From our UK correspondent Shaun Hollick, who muses on growing up in the aftermath of WW2 and lessons learnt
The legacy of WW2 was my school friends initially. German, Polish, Yugoslavian, and Hungarians fled the USSR as it was Europe’s deathbed.
Growing up we could tell that our future would be greatly different to that of our parents.
During the war, countries such as the US and Russia stripped technology from the UK and Germany. For example, the US got hold of RAF and Luftwaffe technology.
In a broad sense to this day it could be said that we are indebted colonies to these major global forces. By the indebtedness of the smaller nations I mean loans/policies imposed by the International momentary fund (USA) or direct control by Russia.
UK industry at home was run by the aristocrats. Badly in my view. It seems with taking all our expertise to America.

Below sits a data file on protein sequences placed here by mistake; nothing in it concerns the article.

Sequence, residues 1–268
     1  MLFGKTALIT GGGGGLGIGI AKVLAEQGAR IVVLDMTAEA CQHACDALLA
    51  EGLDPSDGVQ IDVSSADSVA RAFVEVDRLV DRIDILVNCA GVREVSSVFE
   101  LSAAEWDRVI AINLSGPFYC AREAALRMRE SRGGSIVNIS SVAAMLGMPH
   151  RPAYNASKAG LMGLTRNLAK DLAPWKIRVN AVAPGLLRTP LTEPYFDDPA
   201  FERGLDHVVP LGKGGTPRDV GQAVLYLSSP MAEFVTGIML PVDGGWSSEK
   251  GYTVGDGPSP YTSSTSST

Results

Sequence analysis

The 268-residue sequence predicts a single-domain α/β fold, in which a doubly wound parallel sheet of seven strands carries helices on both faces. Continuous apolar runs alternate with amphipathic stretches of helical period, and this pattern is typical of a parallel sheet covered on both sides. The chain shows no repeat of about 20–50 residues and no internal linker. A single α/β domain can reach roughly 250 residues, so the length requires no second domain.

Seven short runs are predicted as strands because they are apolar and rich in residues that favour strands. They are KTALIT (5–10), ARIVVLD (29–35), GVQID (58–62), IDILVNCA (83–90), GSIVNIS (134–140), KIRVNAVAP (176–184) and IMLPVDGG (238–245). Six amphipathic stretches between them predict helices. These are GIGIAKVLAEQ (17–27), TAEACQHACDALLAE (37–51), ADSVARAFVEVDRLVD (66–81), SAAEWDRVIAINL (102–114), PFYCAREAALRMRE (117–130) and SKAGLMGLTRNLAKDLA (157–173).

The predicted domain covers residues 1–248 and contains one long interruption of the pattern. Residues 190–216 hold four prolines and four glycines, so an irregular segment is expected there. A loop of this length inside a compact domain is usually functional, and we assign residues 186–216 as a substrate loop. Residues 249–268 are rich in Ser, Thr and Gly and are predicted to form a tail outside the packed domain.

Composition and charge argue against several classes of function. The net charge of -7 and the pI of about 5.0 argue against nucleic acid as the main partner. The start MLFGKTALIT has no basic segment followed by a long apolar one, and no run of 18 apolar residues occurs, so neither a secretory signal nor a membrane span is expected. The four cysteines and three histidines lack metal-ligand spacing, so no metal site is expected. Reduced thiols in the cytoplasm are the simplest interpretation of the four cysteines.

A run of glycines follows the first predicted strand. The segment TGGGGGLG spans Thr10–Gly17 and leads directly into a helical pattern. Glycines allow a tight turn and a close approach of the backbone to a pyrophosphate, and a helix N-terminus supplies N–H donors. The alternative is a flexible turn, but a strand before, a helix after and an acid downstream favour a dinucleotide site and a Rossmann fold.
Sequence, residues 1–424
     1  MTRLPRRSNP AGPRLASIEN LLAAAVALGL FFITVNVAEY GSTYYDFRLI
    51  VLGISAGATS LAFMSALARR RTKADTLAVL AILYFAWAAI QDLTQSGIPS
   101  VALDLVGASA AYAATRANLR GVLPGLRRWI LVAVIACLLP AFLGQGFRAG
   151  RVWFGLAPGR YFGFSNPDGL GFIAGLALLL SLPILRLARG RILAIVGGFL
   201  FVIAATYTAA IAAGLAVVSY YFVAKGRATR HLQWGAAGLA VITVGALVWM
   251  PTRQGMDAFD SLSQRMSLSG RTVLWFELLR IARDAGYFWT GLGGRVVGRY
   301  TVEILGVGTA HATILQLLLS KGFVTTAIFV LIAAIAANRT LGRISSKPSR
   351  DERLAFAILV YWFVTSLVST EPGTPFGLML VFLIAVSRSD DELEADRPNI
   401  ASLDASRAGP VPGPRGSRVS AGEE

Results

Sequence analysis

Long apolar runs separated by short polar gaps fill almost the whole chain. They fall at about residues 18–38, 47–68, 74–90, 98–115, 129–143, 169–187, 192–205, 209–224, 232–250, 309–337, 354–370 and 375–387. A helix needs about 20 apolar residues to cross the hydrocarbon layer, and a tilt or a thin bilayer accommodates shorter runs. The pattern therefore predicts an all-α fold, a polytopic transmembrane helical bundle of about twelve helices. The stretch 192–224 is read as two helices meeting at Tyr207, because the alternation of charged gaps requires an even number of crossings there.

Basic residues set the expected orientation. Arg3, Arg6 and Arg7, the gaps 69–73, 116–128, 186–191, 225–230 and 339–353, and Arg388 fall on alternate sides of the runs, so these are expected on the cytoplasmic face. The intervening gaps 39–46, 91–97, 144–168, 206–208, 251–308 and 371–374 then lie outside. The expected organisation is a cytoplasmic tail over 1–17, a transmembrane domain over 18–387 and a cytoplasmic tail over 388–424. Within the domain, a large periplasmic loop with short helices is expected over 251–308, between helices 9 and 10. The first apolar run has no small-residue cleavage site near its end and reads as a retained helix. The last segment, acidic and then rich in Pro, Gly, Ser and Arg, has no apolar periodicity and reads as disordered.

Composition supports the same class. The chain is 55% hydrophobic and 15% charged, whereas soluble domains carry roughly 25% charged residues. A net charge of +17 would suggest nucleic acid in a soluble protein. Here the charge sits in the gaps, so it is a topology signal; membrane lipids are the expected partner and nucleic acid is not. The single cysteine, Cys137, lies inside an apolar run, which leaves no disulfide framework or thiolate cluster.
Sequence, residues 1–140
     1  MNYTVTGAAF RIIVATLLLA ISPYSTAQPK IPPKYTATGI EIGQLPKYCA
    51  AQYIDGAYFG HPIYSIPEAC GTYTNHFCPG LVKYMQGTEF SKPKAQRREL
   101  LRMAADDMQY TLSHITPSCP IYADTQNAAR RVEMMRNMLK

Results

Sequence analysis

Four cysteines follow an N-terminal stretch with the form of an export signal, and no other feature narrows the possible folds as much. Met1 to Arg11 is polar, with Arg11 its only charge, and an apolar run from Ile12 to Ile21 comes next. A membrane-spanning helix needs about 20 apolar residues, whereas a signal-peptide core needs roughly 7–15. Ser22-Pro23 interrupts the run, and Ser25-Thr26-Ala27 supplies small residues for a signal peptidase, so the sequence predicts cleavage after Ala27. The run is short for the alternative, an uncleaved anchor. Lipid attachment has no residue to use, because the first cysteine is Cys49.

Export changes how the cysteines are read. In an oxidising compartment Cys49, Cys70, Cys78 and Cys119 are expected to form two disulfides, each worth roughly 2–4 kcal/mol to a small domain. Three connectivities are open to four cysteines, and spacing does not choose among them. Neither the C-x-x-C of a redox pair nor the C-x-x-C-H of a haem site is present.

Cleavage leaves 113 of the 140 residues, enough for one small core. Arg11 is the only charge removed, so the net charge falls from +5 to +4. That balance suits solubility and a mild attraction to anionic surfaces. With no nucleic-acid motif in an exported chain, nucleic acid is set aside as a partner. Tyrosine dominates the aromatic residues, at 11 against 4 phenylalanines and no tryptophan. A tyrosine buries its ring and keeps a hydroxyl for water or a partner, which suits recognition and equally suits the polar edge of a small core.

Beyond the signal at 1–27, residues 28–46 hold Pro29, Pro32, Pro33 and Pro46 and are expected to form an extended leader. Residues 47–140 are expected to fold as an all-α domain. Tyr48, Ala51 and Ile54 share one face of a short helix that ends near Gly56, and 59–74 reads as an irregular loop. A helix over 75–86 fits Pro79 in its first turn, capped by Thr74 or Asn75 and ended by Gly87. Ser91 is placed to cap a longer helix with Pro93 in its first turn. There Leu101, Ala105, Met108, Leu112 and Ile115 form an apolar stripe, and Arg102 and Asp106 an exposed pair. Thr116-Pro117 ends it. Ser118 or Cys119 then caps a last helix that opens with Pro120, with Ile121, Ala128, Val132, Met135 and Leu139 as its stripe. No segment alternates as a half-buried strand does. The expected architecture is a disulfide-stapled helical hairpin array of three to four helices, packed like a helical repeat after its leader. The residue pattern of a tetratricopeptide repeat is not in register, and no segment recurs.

The UK struggled globally to export it’s technology, goods and professional expertise. Unfortunately, in my view its trade was fuelled by corruption and ineptitude.
In the past decades we have seen UK industry deteriorate. After the war, the Empire came home to the flattened rubble of bombed industrial Derby. Rebuilt in the 1960s, it’s now rubble again courtesy of corruption.
The wartime generation is now largely dead. And it seems to me that very little has been learnt. Power and the corruption that comes with it continue to erode many facets of society, hampering growth.
It seems to me that the smaller nations have been sidelined in the interests of the larger countries – for resources such as energy, minerals, capital, technology and so on.
Perhaps technology and robots will have the last laugh. And the loudest. Technology is reaching such a point that it can play a destructive role even for the present giant nations.